Tucson, AZ- A hidden camera video released by Tucson-based humanitarian organization, No More Deaths, shows an agent of the U.S. Border Patrol removing clean blankets and food intended for migrants in distress. The January 8 video captures a Border Patrol agent on a desert trail near the town of Arivaca, Arizona, about 12 miles north of the international border. The agent stops, opens a plastic bag surrounding dry blankets and canned food, inspects the contents, and then leaves, removing the life-saving provisions. Between January 9 and 15 temperatures in southern Arizona dropped to historic lows, and the blankets and food are provided by humanitarian organizations to prevent death and illness due to these extreme temperatures.
Says No More Deaths Medical Advisor, Dr. Norma Price: “We know that hypothermia can be equally dangerous as dying from heat stroke in the summer. This month has been one of the most severe that Arizona has ever had. There is no question, people are crossing in the desert and their lives could be saved if they were given blankets and warm clothing.” During Fiscal Year 2012 the remains of 178 people were recovered from the southern Arizona desert.
In May 2012 another hidden camera video caught Border Patrol agents vandalizing caches of life-saving water. Video of this incident aired on July 20, 2012 on PBS’ Need to Knowprogram, as part of a series highlighting abuses committed by agents against migrants in their custody. In response to this incident, then-Sector Chief Rick Barlow sent a memo to all agents instructing them to respect humanitarian workers and provisions. Despite this memo, volunteers have seen consistent and widespread vandalism and removal of life-saving water, food and blankets. See photos of vandalism from January 15, 2013.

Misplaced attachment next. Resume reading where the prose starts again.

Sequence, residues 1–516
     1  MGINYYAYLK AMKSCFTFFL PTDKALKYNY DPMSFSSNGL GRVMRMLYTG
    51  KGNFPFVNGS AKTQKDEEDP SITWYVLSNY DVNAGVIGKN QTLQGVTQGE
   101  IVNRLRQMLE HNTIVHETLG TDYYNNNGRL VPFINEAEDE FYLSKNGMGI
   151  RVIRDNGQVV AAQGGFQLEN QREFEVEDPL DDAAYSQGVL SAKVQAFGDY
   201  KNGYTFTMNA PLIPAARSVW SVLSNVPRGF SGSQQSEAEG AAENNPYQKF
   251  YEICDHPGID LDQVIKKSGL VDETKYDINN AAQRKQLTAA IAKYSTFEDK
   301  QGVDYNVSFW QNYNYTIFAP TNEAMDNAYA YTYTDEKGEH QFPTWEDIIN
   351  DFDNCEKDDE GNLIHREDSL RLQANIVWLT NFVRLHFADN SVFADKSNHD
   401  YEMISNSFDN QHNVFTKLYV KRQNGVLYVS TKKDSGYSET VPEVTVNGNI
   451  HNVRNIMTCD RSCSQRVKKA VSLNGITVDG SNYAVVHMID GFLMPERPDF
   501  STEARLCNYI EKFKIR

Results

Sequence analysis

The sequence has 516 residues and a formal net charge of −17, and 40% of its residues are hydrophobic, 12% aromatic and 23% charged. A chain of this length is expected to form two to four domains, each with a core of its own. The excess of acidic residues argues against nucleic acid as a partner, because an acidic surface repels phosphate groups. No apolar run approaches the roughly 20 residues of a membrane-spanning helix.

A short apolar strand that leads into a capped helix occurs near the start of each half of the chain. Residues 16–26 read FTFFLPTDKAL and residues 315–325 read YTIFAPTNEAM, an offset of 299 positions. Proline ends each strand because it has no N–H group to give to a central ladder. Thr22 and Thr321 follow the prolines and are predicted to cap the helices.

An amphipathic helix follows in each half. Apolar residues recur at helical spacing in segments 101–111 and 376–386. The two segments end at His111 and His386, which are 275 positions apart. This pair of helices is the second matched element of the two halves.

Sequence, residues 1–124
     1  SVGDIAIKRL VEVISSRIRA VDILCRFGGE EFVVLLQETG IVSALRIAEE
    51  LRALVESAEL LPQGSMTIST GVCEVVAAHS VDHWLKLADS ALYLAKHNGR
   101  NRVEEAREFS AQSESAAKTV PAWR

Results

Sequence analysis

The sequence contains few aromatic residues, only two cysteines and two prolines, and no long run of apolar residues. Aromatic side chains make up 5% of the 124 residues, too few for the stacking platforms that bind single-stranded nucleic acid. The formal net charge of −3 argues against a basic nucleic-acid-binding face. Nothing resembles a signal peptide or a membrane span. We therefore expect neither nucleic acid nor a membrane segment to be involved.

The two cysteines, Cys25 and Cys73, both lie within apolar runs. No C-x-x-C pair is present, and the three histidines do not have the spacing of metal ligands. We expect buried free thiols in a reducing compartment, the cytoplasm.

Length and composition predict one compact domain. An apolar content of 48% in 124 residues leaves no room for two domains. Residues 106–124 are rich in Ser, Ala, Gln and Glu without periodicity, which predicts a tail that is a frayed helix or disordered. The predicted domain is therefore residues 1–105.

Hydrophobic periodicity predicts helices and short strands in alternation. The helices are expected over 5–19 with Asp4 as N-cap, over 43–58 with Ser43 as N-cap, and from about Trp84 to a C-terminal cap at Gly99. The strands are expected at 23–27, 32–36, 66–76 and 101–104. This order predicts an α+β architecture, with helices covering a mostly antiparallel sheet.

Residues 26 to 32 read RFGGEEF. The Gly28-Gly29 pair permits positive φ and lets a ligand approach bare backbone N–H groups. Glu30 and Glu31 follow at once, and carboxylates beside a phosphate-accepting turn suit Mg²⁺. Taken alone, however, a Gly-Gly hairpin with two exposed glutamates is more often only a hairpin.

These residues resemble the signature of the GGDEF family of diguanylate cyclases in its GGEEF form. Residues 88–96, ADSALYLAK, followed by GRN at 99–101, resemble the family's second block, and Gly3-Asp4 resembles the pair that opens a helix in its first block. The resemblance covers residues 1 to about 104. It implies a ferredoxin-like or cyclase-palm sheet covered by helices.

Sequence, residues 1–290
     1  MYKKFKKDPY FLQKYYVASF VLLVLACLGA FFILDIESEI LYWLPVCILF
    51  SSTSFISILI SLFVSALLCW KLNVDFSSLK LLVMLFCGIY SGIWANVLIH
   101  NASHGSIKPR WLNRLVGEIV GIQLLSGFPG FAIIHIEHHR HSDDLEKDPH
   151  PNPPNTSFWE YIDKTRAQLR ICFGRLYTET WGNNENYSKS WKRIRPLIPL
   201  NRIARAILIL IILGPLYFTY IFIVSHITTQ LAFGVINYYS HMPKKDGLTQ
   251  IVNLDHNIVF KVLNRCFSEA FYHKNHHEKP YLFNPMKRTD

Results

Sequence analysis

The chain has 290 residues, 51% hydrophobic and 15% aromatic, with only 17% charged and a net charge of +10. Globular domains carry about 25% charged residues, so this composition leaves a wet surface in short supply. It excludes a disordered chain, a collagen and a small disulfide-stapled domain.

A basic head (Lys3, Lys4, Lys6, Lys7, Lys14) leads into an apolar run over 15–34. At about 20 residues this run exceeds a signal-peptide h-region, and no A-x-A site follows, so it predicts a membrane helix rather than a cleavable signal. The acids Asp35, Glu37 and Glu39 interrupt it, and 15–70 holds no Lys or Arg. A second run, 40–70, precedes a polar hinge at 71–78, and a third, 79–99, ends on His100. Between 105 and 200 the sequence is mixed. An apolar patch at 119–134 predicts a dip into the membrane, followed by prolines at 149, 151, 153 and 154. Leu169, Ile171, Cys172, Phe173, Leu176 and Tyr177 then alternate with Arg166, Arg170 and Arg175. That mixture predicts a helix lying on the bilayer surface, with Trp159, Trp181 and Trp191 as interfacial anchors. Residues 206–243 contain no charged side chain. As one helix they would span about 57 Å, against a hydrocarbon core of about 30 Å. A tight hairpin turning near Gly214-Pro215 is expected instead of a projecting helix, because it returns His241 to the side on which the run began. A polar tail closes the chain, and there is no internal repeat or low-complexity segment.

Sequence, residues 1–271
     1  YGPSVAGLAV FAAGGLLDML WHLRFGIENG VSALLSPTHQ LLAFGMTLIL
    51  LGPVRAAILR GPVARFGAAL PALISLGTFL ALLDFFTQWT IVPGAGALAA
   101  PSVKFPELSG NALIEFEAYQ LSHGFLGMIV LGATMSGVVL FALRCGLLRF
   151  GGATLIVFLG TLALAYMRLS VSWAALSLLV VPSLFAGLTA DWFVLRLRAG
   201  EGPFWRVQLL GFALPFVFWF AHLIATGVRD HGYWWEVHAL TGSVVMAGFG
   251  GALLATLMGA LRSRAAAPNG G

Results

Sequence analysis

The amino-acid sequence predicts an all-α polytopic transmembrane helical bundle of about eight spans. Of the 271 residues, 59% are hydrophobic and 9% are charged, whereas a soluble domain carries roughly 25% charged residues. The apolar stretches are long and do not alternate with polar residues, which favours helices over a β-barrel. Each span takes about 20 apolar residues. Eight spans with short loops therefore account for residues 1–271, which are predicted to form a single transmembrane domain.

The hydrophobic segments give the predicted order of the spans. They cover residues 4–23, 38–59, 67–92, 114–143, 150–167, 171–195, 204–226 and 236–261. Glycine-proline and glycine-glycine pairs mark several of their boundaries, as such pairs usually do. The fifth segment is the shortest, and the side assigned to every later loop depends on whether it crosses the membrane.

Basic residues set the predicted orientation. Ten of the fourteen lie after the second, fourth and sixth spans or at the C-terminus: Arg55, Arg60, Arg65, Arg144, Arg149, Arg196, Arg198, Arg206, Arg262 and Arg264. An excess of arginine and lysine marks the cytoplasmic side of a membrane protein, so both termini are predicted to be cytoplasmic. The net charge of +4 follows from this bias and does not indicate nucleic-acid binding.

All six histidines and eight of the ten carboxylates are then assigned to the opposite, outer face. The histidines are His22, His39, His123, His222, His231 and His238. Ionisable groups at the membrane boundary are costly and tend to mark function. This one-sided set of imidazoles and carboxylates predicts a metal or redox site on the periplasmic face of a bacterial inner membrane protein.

In an effort to prevent the cruel deaths and suffering commonplace in the U.S./Mexico borderlands, No More Deaths and other humanitarian aid organizations provide food, water and emergency medical aid to individuals in distress. It is shocking to see Border Patrol agents sabotaging these efforts, instead of helping to respond to the humanitarian catastrophe that U.S. border enforcement strategy has itself unleashed.
Contact: Sarah Launius
No More Deaths is a grassroots, all-volunteer organization that provides direct humanitarian assistance to women, men and children lost, injured or ill while crossing through the Arizona desert. More than 6,000 people have died along the border since 1998. In October 2011 No More Deaths published A Culture of Cruelty, which documented thousands of abuses, including assault, humiliation and medical neglect committed by Border Patrol agents against individuals in their custody. The report also includes recommendations for clear, enforceable custody standards with community oversight to ensure compliance. Read more at www.cultureofcruelty.org